There has been a lot of talk lately on what is considered to be the greatest unsolved problem of computer science: The question if "P=NP". Since even the wikipedia page is so mindblowing that I have a hard time understanding it, I spend some time today trying to come up with a simpler definition. Here it is.
**My attempt to explain P and NP:**
**P** is the class of questions that a turing machine can answer in n^x steps. Where n is the length of the input and x is a problem specific number.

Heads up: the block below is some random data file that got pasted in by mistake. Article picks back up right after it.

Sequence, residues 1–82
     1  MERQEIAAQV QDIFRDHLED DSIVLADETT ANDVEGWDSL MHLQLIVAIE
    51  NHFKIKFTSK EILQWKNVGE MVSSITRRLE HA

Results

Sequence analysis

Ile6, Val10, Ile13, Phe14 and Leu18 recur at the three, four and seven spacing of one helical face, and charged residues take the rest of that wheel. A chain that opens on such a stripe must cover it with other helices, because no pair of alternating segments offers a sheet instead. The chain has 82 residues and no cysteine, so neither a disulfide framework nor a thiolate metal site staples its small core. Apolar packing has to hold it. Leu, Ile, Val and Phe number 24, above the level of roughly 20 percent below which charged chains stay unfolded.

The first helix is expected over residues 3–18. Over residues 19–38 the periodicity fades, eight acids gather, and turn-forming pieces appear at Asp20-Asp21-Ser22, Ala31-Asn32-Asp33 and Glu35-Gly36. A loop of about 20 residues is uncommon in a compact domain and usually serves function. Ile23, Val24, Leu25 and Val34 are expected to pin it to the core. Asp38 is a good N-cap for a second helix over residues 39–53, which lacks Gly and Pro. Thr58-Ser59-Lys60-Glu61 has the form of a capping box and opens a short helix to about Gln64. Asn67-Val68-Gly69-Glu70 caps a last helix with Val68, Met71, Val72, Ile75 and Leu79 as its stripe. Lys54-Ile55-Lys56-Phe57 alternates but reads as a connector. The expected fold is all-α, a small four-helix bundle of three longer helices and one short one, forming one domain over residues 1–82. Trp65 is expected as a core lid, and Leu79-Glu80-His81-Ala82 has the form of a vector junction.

**NP** is the class of questions where a turing machine can decide if a given solution is correct in n^x steps. Where n is the length of the input and x is a problem specific number.
The famous question "Is N=NP" then comes down to "If a turing machine can verify an answer to a question in n^x steps, can it also FIND a solution in n^x steps?". It generally believed that this is not the case and that there are questions that need x^n steps to answer, even if any answer can be verified in n^x steps.
Im not sure if this is correct. Some people with math background looked over it and general census seems to be that it is ok. |